There is a need to collect psychiatric family history information quickly and economically (e.g., for genome-wide studies and primary care practice). We sought to evaluate the validity of family history reports using a brief screening instrument, the Family History Screen (FHS). We assessed the validity of parents’ reports of seven psychiatric disorders in their adult children probands from the Dunedin Study (n=959, 52% male), using the proband’s diagnosis as the criterion outcome. We also investigated whether there were informant characteristics that enhanced accuracy of reporting or were associated with reporting biases. Using reports from multiple informants, we obtained sensitivities ranging from 31.7% (alcohol dependence) to 60.0% (conduct disorder) and specificities ranging from 76.0% (major depressive episode) to 97.1% (suicide attempt). There was little evidence that any informant characteristics enhanced accuracy of reporting. However, three reporting biases were found: the probability of reporting disorder in the proband was greater for informants with versus without a disorder, for female versus male informants, and for younger versus older informants. We conclude that the FHS is as valid as other family history instruments (e.g., the FH-RDC, FISC), and its brief administration time makes it a cost-effective method for collecting family history data. To avoid biasing results, researchers who aim to compare groups in terms of their family history should ensure that the informants reporting on these groups do not differ in terms of age, sex or personal history of disorder.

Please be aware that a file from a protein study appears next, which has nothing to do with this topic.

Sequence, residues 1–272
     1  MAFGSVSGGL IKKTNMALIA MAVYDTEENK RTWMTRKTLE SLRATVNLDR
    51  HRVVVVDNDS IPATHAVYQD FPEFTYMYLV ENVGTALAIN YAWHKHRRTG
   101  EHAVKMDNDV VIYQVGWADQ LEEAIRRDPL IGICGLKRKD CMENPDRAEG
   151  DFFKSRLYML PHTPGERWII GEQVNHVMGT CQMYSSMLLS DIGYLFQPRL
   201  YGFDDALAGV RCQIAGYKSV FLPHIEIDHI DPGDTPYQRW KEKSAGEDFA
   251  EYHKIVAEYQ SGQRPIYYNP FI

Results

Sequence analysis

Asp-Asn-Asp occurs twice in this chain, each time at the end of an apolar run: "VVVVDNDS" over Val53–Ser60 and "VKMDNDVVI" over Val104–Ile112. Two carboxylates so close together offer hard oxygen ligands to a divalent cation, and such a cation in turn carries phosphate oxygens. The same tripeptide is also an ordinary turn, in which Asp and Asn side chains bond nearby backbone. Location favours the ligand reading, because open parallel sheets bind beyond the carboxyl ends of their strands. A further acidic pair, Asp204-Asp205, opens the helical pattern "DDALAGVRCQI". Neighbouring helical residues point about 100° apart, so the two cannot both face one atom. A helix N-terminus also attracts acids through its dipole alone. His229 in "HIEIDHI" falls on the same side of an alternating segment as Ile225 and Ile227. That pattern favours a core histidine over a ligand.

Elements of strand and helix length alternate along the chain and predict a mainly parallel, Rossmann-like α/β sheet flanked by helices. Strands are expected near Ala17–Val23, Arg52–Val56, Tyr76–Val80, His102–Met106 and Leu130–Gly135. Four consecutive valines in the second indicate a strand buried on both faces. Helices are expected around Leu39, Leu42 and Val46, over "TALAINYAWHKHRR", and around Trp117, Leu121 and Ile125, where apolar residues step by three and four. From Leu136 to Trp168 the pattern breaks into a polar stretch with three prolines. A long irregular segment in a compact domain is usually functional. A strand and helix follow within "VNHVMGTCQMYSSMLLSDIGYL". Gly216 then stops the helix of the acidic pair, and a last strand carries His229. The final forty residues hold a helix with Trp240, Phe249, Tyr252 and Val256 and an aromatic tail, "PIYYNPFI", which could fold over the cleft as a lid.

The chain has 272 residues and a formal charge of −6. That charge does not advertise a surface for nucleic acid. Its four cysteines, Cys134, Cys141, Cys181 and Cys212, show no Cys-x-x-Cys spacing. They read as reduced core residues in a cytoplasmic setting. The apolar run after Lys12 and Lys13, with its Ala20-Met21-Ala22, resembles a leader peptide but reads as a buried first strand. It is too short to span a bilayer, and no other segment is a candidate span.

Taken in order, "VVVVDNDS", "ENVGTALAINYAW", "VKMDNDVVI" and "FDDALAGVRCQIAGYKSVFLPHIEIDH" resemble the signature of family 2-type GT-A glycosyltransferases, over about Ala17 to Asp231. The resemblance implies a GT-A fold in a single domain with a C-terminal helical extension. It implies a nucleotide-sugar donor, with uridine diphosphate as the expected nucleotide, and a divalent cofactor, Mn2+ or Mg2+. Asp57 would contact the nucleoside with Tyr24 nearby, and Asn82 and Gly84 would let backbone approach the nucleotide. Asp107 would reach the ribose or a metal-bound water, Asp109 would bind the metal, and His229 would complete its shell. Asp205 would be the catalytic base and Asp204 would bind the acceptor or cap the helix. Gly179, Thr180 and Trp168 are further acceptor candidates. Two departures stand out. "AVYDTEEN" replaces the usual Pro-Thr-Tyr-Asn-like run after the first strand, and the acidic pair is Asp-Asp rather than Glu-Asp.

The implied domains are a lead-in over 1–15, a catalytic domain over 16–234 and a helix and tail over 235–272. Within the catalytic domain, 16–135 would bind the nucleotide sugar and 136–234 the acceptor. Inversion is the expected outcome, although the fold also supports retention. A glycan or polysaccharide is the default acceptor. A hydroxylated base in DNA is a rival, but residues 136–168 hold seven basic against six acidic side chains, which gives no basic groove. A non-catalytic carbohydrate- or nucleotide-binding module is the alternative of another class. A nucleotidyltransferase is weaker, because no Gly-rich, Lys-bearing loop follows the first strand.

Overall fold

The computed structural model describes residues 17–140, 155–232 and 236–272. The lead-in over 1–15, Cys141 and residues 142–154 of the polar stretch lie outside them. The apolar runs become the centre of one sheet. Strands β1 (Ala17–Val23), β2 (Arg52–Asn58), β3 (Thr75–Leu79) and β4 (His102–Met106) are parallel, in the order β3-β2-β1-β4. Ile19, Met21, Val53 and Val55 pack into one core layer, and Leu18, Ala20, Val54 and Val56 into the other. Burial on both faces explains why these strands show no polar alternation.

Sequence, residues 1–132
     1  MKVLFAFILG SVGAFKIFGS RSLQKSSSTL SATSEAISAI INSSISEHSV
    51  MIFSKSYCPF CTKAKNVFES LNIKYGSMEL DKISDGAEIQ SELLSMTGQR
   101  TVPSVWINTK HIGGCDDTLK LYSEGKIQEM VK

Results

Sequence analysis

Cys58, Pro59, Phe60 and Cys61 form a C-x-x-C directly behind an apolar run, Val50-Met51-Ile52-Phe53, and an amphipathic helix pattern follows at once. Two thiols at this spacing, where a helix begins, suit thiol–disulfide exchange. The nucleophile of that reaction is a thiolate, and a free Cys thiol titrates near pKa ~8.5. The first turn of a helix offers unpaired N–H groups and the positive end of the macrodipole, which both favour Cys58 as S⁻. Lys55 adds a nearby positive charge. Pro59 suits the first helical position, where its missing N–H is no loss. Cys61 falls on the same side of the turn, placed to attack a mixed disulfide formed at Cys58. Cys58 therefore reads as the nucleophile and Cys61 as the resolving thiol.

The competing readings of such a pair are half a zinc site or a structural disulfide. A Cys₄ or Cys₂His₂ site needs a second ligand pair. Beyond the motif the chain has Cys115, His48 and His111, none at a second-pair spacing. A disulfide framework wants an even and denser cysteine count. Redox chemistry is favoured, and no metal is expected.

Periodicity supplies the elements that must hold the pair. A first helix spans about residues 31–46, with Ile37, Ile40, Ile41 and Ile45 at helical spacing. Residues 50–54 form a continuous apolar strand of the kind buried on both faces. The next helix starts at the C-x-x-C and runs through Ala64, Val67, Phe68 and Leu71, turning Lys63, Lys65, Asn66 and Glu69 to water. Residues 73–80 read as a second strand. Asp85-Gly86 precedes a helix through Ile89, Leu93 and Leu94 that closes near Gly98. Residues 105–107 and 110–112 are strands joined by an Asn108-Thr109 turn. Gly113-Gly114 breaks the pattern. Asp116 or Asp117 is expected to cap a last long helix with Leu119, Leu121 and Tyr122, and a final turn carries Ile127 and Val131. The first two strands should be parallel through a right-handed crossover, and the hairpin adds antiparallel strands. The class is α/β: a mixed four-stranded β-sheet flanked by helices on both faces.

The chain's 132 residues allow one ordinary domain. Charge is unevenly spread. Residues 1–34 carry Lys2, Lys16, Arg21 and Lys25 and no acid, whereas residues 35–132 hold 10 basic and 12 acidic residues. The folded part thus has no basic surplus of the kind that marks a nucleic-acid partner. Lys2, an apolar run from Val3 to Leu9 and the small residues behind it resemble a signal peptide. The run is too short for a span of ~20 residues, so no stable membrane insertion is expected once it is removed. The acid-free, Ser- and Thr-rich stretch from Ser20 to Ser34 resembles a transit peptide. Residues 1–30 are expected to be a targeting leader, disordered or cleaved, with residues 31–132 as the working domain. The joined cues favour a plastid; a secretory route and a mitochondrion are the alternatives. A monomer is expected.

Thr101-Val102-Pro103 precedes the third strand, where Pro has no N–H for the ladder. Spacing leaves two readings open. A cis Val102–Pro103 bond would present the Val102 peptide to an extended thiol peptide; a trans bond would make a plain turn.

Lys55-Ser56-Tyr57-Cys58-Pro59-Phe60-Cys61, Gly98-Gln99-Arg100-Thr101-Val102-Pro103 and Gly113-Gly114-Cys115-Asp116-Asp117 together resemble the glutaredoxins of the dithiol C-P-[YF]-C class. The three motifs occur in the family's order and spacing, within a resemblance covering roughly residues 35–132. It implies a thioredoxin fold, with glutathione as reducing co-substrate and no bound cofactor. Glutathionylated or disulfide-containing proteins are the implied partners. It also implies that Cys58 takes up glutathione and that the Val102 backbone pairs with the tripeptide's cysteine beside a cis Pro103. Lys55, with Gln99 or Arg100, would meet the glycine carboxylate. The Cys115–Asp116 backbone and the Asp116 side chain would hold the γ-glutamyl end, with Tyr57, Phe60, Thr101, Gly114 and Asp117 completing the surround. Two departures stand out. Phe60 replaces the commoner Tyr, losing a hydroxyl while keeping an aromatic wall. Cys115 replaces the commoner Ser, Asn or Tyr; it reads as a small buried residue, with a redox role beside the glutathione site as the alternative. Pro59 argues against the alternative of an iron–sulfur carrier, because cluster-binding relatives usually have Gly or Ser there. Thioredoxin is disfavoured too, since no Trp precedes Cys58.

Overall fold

family history; sensitivity; specificity; accuracy; bias
CHRNA4, the gene that encodes the nicotinic
acetylcholine receptor α4 subunit, is a potential candidate